While cursing my bad luck, I noticed that the passenger one row up and across the aisle had an equally deformed tray table. The flight attendant saw immediately upon setting down his drink that it would not stay in place on the slope. She returned to the galley and came back with the aluminum tab she had broken off a pop-top can, and she used it to shim up the cantilevered tray at its main hinge. When she came with my drink I asked for the same mechanical assistance, and she obliged. The fix was just right, and the table was perfectly flat and horizontal even when fully opened across the seat. Thank goodness for shims, and for mechanically inclined flight attendants.
The folding tray table was obviously designed to satisfy a considerable number of constraints, which it does. Thus, it is relatively lightweight, as well as compactable and deployable. These latter two qualities mean it has moving parts that are capable of getting out of kilter. Armrest tray tables clearly have not been designed to take the forces imposed by infrequent fliers wrestling with the puzzle of how the thing deploys and stows, or by frequent fliers who use the table as a crutch for rising out of their seat. Such overloads naturally can and do throw the mechanism out of alignment. All designs have limitations, but not every user respects them.
The case of the airline tray table points out one of the asymmetries of the designer/user interrelationship. The failure of an armrest tray table to deploy into a flat and level surface, perhaps leading to a drink spilling into a passenger's lap, might result in a product-liability lawsuit, with possible career-altering implications for the table's designer. But a passenger who engages in heavy-handed misuse of the table, causing it to be permanently off level when in its deployed position and thus setting the stage for a drink spilling into some future passenger's lap, can simply walk off the plane when it reaches its destination. Neither life nor design is always fair.
Yes, Henry, I agree that ticket price is paramount for air travel consumers -- including myself. And I can't imagine travelers choosing on airline over another based on anything but price. So I guess that says it all. No reason to improve comfort.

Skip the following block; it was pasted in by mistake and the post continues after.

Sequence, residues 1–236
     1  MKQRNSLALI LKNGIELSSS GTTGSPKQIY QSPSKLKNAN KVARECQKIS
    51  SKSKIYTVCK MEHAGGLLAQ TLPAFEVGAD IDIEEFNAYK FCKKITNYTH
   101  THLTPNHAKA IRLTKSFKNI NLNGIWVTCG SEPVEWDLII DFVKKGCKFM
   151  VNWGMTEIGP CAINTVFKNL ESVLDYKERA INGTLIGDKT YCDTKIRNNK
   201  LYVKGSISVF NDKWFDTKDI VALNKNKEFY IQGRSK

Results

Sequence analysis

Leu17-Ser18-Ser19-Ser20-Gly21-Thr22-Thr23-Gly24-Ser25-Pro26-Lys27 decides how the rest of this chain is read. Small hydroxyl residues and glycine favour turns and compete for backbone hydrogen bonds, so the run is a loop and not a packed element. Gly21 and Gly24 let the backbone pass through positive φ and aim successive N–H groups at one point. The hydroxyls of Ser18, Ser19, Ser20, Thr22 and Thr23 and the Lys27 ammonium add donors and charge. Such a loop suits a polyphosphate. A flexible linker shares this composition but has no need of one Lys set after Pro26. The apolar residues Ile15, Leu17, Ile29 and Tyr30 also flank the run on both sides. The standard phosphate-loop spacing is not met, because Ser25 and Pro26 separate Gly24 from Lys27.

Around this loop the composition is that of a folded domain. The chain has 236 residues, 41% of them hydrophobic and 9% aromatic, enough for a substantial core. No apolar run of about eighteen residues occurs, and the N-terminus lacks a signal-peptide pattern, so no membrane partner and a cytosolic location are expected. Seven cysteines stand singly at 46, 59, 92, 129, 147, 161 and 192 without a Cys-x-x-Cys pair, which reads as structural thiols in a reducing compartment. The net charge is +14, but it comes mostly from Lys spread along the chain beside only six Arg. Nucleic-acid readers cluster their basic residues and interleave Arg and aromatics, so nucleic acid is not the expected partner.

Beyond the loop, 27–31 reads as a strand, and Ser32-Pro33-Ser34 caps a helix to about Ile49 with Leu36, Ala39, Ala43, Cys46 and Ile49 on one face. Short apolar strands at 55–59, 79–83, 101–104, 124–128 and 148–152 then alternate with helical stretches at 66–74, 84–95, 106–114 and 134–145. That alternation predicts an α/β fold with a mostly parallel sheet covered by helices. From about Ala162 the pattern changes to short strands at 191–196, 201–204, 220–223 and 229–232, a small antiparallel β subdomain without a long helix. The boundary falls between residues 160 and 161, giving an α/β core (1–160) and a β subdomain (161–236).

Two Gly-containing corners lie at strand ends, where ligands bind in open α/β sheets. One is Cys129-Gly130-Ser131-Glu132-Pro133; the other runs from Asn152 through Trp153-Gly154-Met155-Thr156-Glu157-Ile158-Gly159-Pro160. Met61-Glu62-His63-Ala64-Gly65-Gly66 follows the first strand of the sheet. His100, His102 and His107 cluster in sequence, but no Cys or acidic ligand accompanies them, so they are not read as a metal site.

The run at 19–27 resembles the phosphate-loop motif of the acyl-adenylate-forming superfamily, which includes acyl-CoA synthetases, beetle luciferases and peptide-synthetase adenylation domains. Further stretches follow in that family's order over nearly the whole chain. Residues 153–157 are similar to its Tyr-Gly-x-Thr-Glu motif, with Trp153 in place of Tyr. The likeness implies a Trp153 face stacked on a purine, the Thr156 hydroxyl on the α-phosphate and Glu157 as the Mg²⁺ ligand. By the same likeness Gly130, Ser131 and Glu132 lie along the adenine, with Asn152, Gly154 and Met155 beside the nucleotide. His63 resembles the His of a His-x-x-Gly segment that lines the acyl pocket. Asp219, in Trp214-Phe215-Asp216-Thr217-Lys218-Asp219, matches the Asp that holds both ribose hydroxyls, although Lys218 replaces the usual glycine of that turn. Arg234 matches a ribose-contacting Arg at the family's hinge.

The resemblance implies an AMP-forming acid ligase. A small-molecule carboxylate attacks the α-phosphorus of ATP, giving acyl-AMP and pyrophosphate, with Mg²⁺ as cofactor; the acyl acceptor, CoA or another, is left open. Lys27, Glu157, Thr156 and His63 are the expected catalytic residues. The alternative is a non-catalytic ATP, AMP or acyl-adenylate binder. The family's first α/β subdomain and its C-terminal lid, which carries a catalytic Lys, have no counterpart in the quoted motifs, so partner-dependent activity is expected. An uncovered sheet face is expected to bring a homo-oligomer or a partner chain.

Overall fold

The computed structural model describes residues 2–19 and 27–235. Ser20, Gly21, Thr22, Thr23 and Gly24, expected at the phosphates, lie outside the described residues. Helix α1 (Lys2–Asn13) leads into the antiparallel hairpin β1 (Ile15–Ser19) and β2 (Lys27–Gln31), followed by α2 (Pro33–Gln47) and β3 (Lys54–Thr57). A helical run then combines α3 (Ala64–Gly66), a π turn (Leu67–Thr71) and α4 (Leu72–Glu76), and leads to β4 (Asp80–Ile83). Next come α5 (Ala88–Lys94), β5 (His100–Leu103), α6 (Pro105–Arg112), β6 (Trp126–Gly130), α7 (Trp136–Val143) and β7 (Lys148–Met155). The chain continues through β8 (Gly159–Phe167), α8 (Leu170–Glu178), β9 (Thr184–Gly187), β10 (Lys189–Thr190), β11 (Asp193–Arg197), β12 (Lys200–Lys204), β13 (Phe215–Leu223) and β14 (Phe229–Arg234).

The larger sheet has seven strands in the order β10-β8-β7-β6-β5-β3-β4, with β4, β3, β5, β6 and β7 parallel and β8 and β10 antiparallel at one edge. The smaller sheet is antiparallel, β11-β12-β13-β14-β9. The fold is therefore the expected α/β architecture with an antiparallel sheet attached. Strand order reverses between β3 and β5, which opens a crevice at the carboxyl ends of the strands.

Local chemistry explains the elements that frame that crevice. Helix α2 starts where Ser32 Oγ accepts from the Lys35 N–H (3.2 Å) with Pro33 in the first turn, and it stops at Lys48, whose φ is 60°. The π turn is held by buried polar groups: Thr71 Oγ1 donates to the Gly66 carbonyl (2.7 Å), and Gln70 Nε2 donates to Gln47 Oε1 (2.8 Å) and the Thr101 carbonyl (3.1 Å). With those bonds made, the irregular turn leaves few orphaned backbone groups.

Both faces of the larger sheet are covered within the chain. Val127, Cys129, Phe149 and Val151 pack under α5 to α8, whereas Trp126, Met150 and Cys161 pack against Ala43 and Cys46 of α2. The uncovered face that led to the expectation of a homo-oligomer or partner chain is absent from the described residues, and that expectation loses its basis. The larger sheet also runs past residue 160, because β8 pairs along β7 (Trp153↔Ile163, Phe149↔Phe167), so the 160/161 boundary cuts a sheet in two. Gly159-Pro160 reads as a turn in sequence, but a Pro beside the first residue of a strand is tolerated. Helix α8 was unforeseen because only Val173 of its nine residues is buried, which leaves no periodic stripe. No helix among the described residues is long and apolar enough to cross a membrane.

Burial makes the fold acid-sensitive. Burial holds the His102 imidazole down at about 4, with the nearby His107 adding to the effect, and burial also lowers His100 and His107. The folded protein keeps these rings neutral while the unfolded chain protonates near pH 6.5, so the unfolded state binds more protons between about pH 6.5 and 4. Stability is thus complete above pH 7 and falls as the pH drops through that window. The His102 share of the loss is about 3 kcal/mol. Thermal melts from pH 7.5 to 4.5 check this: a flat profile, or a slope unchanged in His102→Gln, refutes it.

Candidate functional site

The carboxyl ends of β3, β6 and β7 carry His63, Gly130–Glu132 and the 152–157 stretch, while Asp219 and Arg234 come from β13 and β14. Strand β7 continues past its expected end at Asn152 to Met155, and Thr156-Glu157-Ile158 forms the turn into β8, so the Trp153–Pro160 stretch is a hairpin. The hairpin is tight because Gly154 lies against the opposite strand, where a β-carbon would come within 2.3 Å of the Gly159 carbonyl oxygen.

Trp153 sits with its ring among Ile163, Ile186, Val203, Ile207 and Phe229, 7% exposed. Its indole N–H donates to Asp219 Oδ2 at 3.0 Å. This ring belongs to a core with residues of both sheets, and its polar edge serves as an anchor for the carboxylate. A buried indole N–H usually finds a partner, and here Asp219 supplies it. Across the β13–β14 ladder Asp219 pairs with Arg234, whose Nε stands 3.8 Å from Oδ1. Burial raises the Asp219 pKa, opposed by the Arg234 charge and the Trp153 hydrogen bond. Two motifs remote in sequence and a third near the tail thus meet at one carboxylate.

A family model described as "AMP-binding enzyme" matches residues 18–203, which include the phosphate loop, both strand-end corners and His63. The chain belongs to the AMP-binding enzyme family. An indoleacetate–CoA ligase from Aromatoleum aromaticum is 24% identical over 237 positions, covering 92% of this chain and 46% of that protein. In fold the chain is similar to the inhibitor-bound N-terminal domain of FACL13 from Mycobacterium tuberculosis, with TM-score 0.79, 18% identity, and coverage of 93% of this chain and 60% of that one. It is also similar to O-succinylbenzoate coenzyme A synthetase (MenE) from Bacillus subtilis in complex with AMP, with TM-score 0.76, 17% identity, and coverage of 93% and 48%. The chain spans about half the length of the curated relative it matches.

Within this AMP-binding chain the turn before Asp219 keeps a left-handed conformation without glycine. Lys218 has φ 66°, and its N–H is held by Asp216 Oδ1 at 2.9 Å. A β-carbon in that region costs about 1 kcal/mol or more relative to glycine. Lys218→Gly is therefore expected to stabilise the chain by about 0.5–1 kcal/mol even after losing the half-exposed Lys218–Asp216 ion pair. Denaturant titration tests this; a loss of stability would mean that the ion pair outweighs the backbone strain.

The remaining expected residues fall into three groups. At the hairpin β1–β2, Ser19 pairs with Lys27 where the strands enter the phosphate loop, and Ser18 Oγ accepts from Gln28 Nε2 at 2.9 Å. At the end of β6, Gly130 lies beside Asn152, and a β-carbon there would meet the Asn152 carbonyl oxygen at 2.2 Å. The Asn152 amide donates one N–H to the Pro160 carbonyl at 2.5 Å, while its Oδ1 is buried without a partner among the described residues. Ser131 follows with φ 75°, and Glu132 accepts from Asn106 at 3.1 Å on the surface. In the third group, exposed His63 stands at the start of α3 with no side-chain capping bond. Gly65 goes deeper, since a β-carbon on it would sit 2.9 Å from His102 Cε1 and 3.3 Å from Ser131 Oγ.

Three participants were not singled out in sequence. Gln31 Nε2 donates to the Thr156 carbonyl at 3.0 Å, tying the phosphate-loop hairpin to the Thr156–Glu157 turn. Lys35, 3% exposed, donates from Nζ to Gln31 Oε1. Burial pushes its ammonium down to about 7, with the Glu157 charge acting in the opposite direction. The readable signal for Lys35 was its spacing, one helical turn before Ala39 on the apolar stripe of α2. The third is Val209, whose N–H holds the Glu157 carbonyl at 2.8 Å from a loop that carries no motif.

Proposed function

The airlines may be satisfied with the design of the interior elements of their planes, but of course that does not mean that there is not room for improvement. The main selling point for economy air travel seems to be ticket price. Passengers seem to give that much greater priority than amenities relating to seat comfort. My feeling is that until passengers in large numbers let it be known that they are not satisfied with what the flying experience is like, the airlines will not redesign it beyond changes that bring in more revenue, such as more leg room, etc.
Thanks Henry. Yes, I understand the economics of space for the back of the plane. And the space has grown smaller over my decades flying. The basic design of tray tables, arm rests, seatbelts, etc. has also been static for decades. I would guess the airlines are simply satisfied with these design elements.
Airlines seem to have put their seating R&D dollars into improving the business and first-class sections on international flights, where seats transform into beds of a sort. Econmony class seat design does seem to have been static for some time. There has been, however, some improvement in leg room for a price to the customer. With the increasing prominence of narrow-body regional jets, it seems unlikely that economy-class seats will get wider. There seem to be simply too many constraints from available space and revenue to allow for much improvement.
The maintenance story reminds me of an episode of the cartoon Animaniacs in which two of the characters are trapped in an elevator. They try to contact the maintenance department over the intercom, and overhear the supervisor telling one of his employees: "Hit it with the hammer, Big Ed. No, the hammer... that's a wrench, that long thingy's a hammer..."
Later, after being trapped in the elevator for ten hours, the characters try to contact the maintenance department again.
"Are you still in there?" the maintenance supervisor replies. "It was our indication that you got out."
"Really?" the character says. "What gave you that indication?"
"That's just an indication we had," says the supervisor.
The story of the mechanic pounding the broken table into submission is great! It shows how the human element can be the ultimate enemy of designs of all kinds. I wonder how long it took that tray table to finally be fixed so it could be both gotten out of and put back into the seat arm? Poor maintenance can be worse than no maintenance at all.
The cardboard tray wouldn't weight much more than the plastic plate sitting on it, and unlike the plate, the tray would normally be secured. Even if left unsecured the tray wouldn't be much of a projectile, but adding foam-rubber edging would limit the damage when kids play with the trays. In normal use the edging would also keep cups and plates from sliding off.
I had to check the date of this commentary - 2012, not 1965! In the '70s I worked in aircraft seating design. Those First Class seats were a wonder of engineering. Their weight-saving, weight-supporting design were worthy of awards. I'd think the present-day comments would have been unwarranted, even back then. Surely engineering has progressed since...or has it?
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